“And yet, over the past year or so, the contented Danes have been forced to face both their greatest international crisis since World War II and the rise here of separate Muslim communities where many are unable or unwilling to enter the Danish mainstream.”
By Thomas Omestad in US News, with thanks to Twostellas:
COPENHAGEN–This, a recent study concluded, is the happiest country on Earth. With Denmark’s cradle-to-grave social welfare, highly regarded healthcare and education, prosperity, and small-country ethnic cohesion, the land that gave us Hans Christian Andersen’s fairy tales also excels at producing a good life in reality.
And yet, over the past year or so, the contented Danes have been forced to face both their greatest international crisis since World War II and the rise here of separate Muslim communities where many are unable or unwilling to enter the Danish mainstream. The international uproar over publication of 12 prophet Muhammad cartoons in a Danish newspaper triggered violence that left at least 139 people dead, Danish diplomatic outposts torched in Lebanon and Syria, and Danish goods boycotted. Suddenly, Denmark felt dangerously exposed–a country of just 5.4 million people facing the wrath of an Islamic world exceeding a billion people.
The violence outside Denmark ultimately quieted down, though the country’s security-threat level remains elevated. At home, the bitter disputes over the cartoons have highlighted an unhealed–and potentially hazardous–rift between the dominant Danes and the Muslim immigrants living in what are being called “parallel societies.” Ask Danes and Muslim immigrants alike, and many will say there is something a bit rotten in the Kingdom of Denmark.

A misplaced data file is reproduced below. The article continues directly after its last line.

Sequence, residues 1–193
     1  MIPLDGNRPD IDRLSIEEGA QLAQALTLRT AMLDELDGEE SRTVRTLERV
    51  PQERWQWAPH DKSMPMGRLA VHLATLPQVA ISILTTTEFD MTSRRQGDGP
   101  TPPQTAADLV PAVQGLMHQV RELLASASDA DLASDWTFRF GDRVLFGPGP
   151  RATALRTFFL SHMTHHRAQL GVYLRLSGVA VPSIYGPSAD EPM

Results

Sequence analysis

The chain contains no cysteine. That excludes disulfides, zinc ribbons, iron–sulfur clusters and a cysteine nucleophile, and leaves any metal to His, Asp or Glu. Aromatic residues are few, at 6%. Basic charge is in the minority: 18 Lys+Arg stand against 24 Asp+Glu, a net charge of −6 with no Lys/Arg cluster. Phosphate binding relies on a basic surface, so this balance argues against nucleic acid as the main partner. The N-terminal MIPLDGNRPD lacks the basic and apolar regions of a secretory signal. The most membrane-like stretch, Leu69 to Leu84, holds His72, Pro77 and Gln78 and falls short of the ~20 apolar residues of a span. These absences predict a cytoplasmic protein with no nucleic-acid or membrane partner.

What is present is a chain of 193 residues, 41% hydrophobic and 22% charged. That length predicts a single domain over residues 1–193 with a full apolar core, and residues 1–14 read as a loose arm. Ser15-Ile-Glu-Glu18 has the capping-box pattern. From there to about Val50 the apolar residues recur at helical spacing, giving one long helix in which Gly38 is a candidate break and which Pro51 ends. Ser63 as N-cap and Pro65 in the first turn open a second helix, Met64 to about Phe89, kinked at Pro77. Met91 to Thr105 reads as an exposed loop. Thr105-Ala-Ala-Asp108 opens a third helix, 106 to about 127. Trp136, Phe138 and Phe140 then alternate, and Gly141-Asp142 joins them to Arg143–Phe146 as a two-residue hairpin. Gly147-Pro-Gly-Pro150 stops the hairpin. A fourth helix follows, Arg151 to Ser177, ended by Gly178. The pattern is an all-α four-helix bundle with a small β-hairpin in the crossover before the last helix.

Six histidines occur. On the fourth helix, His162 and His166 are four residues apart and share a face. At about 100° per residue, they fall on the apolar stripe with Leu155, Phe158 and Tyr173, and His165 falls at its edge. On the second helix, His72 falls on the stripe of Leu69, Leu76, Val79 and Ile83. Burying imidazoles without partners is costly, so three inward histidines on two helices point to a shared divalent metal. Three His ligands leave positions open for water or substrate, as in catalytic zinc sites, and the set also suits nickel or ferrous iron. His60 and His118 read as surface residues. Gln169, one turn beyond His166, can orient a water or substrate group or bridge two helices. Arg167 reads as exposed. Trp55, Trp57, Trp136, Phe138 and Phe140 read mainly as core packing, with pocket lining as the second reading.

The legacy of the cartoon uproar is not all bad. Private efforts at building bridges between Muslims and non-Muslim Danes have accelerated. Secular Danish Muslims condemned the violence overseas and appealed for dialogue. That, say Danes, has encouraged a greater appreciation of the differences–political and otherwise-among Muslims here.
“Time bomb.” Still, the cartoon crisis itself did not prompt any basic rethinking of how to integrate Muslims more deeply into Danish society. And the country is now preoccupied with things Muslim. Attention is riveted on any controversy linked to its Muslim residents–so-called honor killings of female relatives, street crime, terrorism probes, unemployment, forced marriages, use of veils, and so on. Denmark is pondering the specter of ever more young Muslims–unemployed and undereducated–finding their identities not as coolly secularized Danes but as fervent or even radical Muslims. “We are sitting on a time bomb,” warns Eva Smith, a law professor and racism expert at the University of Copenhagen.
The ferment in Denmark is especially striking because of its progressive traditions, but it also reflects the broader tremors rattling western Europe, where tangled issues of national identity, culture, religion, and security arising from Muslim immigration have bolted to the fore. Old, ethnically grounded societies are being roiled by the presence of Muslim newcomers–or at least by the reaction to them. “There’s kind of an unspoken assumption that they’re not really Dutch, not really Danes, and so forth,” reasons one senior U.S. official who follows the phenomenon. “Europeans are uncomfortable with Islam, and they see it as an alien body in their midst. … Europe’s got a huge problem, and they’re just getting their minds around it now.”
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